What we mean by "sustainably-raised meat"

Little piggies

In case you have read our Portland Restaurant Guide and are wondering what we’re talking about when we say “sustainably-raised meat,” here are some thoughts on the matter.

For additional reading on the subject, here’s an informative article by Nicolette Hahn Niman (whose husband Bill was the founder of Niman Ranch) about how to avoid factory-farmed food.

We use the terms “factory-farmed” and “CAFO” interchangeably. They both mean the same thing: that the animal in question was raised in extreme confinement and fed questionable feed; that, where possible and legal, they were fed corn and growth hormones to speed their production; and that they were routinely given antibiotics to fend off the infections and disease that go hand in hand with this kind of nightmarish existence. Often these animals have also been mutilated in some way — debeaking for chickens, the cutting off of the tail for pigs, and so on — all for the convenience of keeping the animals in tiny boxes.

We don’t eat factory-farmed food, and have not for many years. Anything that is not factory-farmed is, for the purposes of this list, “sustainably-raised.” A more accurate description would simply be “non-factory-farmed meat,” but we’ve found that avoiding the F-word when talking to restaurant folks is helpful, especially in front of other customers. Also, we want to come up with a positive name for this kind of food, since the farmers providing it are doing some positive work — they’re not just “un-factory-farming,” they’re farming in the way that people farmed for about 10,000 years, up until the middle of the 20th century.

The baseline judgement is meat that is labelled free of added hormones, and free of antibiotics. This doesn’t directly tell you anything about the way the animal was raised, but you can be sure that if they were not given antibiotics, they were not kept in extreme confinement.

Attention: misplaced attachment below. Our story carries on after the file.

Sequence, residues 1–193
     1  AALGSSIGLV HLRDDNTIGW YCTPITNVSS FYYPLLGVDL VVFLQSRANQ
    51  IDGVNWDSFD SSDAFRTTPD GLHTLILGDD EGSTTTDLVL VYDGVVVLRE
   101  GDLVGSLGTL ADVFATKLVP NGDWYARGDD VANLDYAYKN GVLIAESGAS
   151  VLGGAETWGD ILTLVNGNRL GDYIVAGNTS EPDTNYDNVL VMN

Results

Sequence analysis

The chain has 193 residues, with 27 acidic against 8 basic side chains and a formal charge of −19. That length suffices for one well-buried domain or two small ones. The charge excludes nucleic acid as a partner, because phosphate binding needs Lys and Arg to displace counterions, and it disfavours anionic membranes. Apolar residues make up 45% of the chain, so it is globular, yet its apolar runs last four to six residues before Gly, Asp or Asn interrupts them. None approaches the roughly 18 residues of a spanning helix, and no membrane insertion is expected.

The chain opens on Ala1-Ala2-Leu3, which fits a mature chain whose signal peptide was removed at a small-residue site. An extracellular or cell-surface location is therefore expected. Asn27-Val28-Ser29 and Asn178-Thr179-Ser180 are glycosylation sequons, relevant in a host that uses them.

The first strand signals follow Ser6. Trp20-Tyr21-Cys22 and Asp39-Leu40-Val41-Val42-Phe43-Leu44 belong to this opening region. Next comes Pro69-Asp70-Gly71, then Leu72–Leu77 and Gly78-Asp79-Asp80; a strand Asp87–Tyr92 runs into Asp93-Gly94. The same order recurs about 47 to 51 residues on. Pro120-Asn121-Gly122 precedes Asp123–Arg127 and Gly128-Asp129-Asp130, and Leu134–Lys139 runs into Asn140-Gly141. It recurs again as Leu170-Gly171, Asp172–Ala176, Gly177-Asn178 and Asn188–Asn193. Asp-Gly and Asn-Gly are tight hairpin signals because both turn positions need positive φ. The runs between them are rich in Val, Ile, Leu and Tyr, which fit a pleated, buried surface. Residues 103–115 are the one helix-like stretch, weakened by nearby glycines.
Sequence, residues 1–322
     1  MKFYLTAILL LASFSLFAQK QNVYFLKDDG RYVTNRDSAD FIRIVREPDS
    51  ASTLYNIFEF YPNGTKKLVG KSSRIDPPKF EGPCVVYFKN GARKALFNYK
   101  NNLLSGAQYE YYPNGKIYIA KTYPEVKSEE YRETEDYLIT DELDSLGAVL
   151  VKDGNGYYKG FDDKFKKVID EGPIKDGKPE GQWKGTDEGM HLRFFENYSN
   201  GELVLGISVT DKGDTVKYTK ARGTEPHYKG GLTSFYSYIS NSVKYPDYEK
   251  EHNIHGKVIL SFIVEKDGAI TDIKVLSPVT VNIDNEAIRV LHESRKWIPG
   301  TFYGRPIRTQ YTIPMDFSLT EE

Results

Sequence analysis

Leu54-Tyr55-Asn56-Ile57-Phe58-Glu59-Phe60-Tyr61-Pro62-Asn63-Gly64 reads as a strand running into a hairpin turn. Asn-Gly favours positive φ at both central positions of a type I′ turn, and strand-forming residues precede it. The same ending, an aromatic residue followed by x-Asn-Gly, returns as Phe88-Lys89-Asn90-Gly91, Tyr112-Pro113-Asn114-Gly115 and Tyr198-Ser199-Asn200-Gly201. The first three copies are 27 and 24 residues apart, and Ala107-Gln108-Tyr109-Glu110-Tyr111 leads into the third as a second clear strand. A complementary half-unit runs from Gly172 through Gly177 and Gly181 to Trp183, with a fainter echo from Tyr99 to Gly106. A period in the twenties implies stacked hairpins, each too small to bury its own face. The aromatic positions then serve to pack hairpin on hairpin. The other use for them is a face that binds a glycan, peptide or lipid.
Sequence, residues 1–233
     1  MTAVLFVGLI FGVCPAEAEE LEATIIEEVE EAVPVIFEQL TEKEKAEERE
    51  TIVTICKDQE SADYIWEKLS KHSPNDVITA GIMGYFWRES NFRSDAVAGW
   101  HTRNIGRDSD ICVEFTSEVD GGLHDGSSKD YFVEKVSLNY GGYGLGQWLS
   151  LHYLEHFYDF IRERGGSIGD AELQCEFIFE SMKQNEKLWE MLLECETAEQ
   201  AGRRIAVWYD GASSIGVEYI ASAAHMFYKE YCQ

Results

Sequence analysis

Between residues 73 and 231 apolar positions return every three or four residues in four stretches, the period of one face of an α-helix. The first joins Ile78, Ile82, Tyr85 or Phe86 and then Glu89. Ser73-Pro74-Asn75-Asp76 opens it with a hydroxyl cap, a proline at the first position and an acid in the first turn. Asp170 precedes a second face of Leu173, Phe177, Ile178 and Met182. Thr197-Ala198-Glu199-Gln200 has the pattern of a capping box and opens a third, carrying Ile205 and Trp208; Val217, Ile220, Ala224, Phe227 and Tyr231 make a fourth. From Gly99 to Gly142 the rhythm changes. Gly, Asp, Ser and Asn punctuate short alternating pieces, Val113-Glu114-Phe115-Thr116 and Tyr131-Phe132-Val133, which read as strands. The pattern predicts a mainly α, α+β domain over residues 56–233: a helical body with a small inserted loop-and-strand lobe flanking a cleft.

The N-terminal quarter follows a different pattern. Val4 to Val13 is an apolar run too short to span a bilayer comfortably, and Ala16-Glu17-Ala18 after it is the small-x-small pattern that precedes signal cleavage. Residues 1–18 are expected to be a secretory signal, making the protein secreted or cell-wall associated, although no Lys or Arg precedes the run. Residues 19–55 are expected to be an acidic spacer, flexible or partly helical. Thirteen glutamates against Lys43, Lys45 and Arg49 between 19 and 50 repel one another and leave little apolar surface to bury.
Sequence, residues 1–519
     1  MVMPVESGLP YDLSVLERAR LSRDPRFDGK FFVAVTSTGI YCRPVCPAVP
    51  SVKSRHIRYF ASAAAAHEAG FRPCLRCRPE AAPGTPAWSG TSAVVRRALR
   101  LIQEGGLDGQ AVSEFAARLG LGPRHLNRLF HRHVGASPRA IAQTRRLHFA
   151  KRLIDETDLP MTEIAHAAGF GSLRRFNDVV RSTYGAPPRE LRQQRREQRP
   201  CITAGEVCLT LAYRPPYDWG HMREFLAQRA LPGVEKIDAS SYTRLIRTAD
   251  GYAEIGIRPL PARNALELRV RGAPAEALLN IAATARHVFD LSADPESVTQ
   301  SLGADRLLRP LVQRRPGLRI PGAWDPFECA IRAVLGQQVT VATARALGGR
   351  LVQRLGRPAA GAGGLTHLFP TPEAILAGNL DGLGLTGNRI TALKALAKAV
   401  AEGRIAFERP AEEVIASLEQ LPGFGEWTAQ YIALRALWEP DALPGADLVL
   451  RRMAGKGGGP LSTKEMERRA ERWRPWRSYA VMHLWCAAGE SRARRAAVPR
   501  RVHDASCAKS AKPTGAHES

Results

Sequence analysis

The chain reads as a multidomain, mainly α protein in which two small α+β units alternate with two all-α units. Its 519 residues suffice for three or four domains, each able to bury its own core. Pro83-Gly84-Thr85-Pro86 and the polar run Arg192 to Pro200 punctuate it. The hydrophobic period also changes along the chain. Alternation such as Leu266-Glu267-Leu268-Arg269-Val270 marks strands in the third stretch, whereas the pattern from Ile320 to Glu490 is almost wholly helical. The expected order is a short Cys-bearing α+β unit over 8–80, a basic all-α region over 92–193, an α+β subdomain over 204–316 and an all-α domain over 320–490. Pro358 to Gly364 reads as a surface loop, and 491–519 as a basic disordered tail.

“Free-range,” similarly, has an official meaning that may disappoint you if you envision grassy fields and clear skies — all it means is that the animal was not kept in confinement. These animals, usually chickens or pigs, are at minimum kept in large open barns or sheds, are not mutilated, and are allowed to engage in “normal behaviors” like rooting, pecking around, scratching, and generally being pigs and chickens. If you’ve ever met a chicken or a pig, you know that this wouldn’t be such a bad way to go. We call it “sustainable” for the purposes of this chart.

“Pastured” means that the animal spent at least some, usually most, of its life outdoors and on pasture of grass and mixed herbs. All animals can live on pasture. Ruminants such as sheep and cattle need grass to live a healthy life, and one of the amazing things about ruminants is that they can convert the solar energy in grass to nutritious milk and meat for human consumption. Chickens, meanwhile, can eat all sorts of things, but eggs from pastured hens are remarkably more flavorful and rich, and, apparently, contain more of the desirable Omega-3 fatty acids. Pigs don’t need grass for their diet like ruminants do, but pigs that are raised on pasture provide more value to the whole farm as tillers, weeders, and fertilizers. Pastured pigs also get more exercise and live less stressful lives, which, storybook as it is made to sound nowadays, is a big factor in the quality of the meat and in the total experience of animal husbandry, not just for the pig but for the farmers and you and me, the eaters.